Edition 3rd ed. 1994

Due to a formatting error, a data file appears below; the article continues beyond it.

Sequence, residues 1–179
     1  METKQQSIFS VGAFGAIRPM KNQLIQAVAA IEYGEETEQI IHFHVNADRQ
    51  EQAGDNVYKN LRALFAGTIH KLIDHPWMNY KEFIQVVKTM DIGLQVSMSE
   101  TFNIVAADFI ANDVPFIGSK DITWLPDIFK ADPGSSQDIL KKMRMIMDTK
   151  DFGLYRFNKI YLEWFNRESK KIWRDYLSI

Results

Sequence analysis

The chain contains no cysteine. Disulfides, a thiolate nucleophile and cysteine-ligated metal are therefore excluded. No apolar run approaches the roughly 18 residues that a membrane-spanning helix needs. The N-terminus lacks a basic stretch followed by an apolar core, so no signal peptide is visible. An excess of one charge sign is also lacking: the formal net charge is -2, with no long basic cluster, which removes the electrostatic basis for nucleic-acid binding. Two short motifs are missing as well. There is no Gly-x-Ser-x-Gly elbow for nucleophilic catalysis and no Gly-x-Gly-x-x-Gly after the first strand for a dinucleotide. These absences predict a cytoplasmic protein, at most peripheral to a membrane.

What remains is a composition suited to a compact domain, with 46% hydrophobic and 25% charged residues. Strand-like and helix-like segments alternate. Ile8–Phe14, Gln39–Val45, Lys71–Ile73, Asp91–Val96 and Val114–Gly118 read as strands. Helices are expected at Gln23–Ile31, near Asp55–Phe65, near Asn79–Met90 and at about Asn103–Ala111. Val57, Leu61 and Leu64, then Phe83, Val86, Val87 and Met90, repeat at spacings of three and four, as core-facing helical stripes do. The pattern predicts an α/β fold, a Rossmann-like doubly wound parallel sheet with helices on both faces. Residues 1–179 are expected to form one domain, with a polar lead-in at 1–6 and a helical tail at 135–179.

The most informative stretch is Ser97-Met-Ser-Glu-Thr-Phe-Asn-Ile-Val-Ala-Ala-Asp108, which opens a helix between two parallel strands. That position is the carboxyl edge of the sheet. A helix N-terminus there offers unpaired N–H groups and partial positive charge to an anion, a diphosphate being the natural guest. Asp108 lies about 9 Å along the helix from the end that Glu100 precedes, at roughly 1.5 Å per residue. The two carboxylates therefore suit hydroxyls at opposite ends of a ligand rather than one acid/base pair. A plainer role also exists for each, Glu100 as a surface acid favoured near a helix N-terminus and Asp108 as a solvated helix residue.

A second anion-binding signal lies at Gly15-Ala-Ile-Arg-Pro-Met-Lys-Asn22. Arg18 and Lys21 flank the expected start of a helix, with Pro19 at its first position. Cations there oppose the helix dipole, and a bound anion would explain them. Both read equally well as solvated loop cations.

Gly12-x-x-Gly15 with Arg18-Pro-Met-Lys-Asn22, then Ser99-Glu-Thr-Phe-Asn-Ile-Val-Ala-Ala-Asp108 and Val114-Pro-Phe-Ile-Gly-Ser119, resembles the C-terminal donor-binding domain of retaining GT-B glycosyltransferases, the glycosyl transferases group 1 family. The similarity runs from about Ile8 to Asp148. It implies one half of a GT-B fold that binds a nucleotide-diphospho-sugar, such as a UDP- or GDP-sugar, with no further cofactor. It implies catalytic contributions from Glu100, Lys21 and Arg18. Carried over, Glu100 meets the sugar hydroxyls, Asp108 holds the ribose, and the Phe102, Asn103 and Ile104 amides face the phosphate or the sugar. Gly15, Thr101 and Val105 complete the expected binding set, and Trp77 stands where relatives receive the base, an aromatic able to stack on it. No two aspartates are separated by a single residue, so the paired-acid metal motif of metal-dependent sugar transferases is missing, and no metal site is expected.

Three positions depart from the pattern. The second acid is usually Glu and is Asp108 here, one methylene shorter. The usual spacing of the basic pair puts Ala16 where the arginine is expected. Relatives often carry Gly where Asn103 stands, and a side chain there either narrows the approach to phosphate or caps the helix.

OverviewTelecommunication engineering is concerned with the transmission of in- formation between two distant points. Intuitively we may say that a signal contains information if it teils us something we did not already know. This definition is too imprecise for telecommunications studies, and we shall devote a section oftbis chapter to a formal description ofinformation. For the present it is sufficient to say that a signal that contains information varies in an unpredictable or random manner. We have thus specified a primary characteristic of the signals in telecommunications systems; they are random in nature. These random signals can be broadly subdivided into discrete signals that have a fixed number of possible values, and continuous signals that have any value between given Iimits. Whichever type of signal we deal with, the tele- communication system that it uses can be represented by the generalized model of Fig. 1. 1. The centrat feature of this model is the transmission medium or channel. Some examples of channels are coaxial cables, radio links, optical fibres and ultrasonic transmission through solids and liquids. It is clear from these examples that the characteristics of channels can vary widely. The common feature of all channels, however, is that they modify or distort the waveform of the transmitted signal. In some cases the distortion can be so severe that the signal becomes totally unrecognizable. In many instances it is possible to minimize distortion by careful choice of the transmitted signal waveform.
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